Progressive, Proportionate and Preventative

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Raise a concern about a Charity

If you are concerned about the way a charity is being run, we want to hear from you.

Our Inquiry Policy sets out what you, the charity, and the public can expect from us. The Policy is designed to be helpful and easy to read, and we recommend that you have a look at this together with the rest of the information on this page before contacting us. 

• Inquiry Policy
• Fact sheet – What to expect if your charity is subject to an inquiry
• Fact sheet – OSCR’s formal powers

Before you contact us, it is important that you read the following information first, as there are some instances where your concern should be sent instead to the charity or another body to be dealt with. The following are examples of the types of concerns that we do want to know about.

Regulatory issues that we want to know about include:
  • Charities that are being used for private gain
  • Where a charity's independence is being called into question. We expect charity trustees to act independently of any private, government or political interest
  • When it is not clear who is in charge of the charity. For example:
    • one charity trustee seems to be in overall control of the charity
    • an employee seems to be in overall control of the charity, or
    • none of the charity trustees is taking responsibility - this can result in serious governance problems, which could harm the charity
  • When it appears that the charity's assets are at risk or not being used for charitable purposes
  • The charity is not carrying out the charitable purposes defined in its governing document
  • When an organisation is calling itself a charity when it is not (you can check if the organisation is entered in the Scottish Charity Register).

The list above is not absolute, so if you have other issues that concern you, please contact us.

The three examples below should, in the first instance, be reported to Police Scotland and then to us:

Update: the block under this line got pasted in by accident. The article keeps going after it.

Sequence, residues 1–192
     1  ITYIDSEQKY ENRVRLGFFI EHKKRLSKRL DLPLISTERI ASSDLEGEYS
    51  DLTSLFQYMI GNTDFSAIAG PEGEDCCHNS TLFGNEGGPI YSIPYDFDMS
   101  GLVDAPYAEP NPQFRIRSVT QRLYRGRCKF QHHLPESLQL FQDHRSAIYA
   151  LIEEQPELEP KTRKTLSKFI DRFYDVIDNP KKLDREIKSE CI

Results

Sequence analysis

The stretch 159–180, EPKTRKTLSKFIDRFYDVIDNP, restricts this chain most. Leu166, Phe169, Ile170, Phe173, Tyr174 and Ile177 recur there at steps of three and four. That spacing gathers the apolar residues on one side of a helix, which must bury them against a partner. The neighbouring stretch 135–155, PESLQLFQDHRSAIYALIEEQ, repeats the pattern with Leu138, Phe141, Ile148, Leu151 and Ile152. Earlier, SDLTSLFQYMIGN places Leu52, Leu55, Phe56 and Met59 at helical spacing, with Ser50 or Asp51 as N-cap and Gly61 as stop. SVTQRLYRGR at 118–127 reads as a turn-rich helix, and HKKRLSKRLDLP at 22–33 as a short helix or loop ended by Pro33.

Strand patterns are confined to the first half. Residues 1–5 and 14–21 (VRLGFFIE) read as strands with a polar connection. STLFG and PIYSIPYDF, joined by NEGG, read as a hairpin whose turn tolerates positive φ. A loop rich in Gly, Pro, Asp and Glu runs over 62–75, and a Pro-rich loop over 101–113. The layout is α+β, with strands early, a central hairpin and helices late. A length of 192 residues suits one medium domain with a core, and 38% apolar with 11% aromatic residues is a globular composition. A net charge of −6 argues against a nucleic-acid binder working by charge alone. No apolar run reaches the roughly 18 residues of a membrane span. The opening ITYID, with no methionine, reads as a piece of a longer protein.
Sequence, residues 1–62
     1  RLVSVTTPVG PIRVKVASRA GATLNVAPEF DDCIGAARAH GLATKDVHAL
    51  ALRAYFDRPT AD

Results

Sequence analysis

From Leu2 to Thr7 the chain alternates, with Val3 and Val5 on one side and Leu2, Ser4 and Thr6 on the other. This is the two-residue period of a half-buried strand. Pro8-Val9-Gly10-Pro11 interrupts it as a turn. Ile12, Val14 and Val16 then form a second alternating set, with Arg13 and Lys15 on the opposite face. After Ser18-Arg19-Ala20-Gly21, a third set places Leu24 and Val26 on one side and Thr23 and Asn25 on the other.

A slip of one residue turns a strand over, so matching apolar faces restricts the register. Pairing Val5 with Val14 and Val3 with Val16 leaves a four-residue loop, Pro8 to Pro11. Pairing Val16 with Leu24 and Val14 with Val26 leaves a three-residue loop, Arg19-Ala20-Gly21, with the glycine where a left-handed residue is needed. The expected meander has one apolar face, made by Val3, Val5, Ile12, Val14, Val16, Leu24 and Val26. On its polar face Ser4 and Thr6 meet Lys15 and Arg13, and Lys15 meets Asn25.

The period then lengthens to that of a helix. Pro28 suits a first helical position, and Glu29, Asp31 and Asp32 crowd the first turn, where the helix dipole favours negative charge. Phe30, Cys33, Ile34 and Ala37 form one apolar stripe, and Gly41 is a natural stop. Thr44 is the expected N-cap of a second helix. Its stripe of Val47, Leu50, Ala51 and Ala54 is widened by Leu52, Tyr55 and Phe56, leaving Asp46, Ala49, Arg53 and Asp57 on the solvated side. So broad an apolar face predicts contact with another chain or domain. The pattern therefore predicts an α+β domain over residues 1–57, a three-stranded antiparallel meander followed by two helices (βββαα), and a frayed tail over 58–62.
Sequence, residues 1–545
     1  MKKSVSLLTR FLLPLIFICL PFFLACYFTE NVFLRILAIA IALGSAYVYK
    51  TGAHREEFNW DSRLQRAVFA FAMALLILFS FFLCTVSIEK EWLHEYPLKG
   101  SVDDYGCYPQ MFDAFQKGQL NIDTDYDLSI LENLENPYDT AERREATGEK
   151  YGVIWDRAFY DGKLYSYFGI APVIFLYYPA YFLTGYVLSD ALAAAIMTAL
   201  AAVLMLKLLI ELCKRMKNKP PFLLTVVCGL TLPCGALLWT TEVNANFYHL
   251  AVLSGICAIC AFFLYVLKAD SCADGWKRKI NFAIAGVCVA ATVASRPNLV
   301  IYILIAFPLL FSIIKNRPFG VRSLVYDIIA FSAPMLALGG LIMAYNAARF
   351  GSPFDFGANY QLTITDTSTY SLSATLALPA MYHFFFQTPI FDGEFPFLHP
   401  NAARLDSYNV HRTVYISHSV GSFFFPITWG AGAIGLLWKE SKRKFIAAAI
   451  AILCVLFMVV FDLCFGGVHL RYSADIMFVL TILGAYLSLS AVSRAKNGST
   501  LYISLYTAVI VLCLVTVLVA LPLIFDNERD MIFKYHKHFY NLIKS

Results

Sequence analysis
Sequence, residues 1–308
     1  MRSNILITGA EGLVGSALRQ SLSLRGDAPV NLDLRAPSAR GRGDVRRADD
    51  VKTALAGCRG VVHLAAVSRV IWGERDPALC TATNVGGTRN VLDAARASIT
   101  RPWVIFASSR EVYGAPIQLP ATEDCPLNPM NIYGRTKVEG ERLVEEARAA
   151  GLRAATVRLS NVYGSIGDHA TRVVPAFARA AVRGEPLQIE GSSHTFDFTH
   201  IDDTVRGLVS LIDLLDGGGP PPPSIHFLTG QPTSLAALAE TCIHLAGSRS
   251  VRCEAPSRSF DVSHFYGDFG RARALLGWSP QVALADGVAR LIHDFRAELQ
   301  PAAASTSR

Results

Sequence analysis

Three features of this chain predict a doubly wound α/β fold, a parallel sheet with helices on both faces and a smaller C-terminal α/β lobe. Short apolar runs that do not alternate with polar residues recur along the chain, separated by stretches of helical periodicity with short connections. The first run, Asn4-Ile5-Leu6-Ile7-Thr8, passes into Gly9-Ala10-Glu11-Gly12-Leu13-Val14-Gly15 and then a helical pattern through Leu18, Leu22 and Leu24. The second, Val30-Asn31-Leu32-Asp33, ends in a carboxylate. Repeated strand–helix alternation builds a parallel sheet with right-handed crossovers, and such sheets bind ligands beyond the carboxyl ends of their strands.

• Serious harm or danger of harm to the people that the charity helps
  • Criminal or illegal activity within or involving a charity (this includes charities that are set up for an illegal or improper use)
  • Serious financial loss to a charity - this could include theft or embezzlement.


We have found that the majority of concerns we receive can be dealt with by the charity itself. The charity trustees are the people responsible for running the charity and it is only fair that they have the opportunity to deal with your concern in the first instance. This gives the charity trustees the opportunity to explain any misunderstandings, or to put things right if something has gone wrong.

The types of concerns that you should take up with the trustees include: 
  • Disputes and disagreements between charity trustees. We expect charity trustees to work together to act in the best interests of the charity to resolve any conflicts or arguments. The charity can seek help and advice from the local Third Sector Interface
  • Disputes between the charity's members and trustees. For example, it may be that the governing document clearly provides members with the power to make changes themselves
  • Matters relating to the service that the charity has provided.
Our Guidance and good practice for Charity Trustees provides more information about charity trustee duties.
Charity trustees are free to make decisions for their charity as long as these are within the powers of the law and the terms of their governing document. As a result, we do not have the power to overrule a valid decision taken by the trustees. If you do not agree with their decision, you should first speak to the trustees about it.

Additionally, we cannot usually become involved in the following issues, a it is not within our regulatory powers to do so:
  • Fundraising methods. See our Fundraising page for further information.
  • Employment issues, including
    • Unfair dismissal
    • Grievances such as discrimination, bullying and harassment
    • Terms of employment
    • Redundancy

ACAS or Citizens Advice Scotland may be able to help you with these.
  • Contracts that the charity has entered into, including when payment has not been made for outstanding bills.


If you decide that it is still appropriate to report your concerns to us, please complete the concern form. You can download and complete our updated Concern Form and post it to us, or complete our online form here. Please make sure that you provide all the information requested, as this helps us to consider your concerns as fully as possible. 

At all times, we will act in the public interest, not on behalf of individuals or groups. We will not usually communicate with you while an inquiry is ongoing, unless further information is required – but we will advise you of the final outcome.

You can read our recent inquiry reports here.

A video that summarises the information on this page can be viewed below: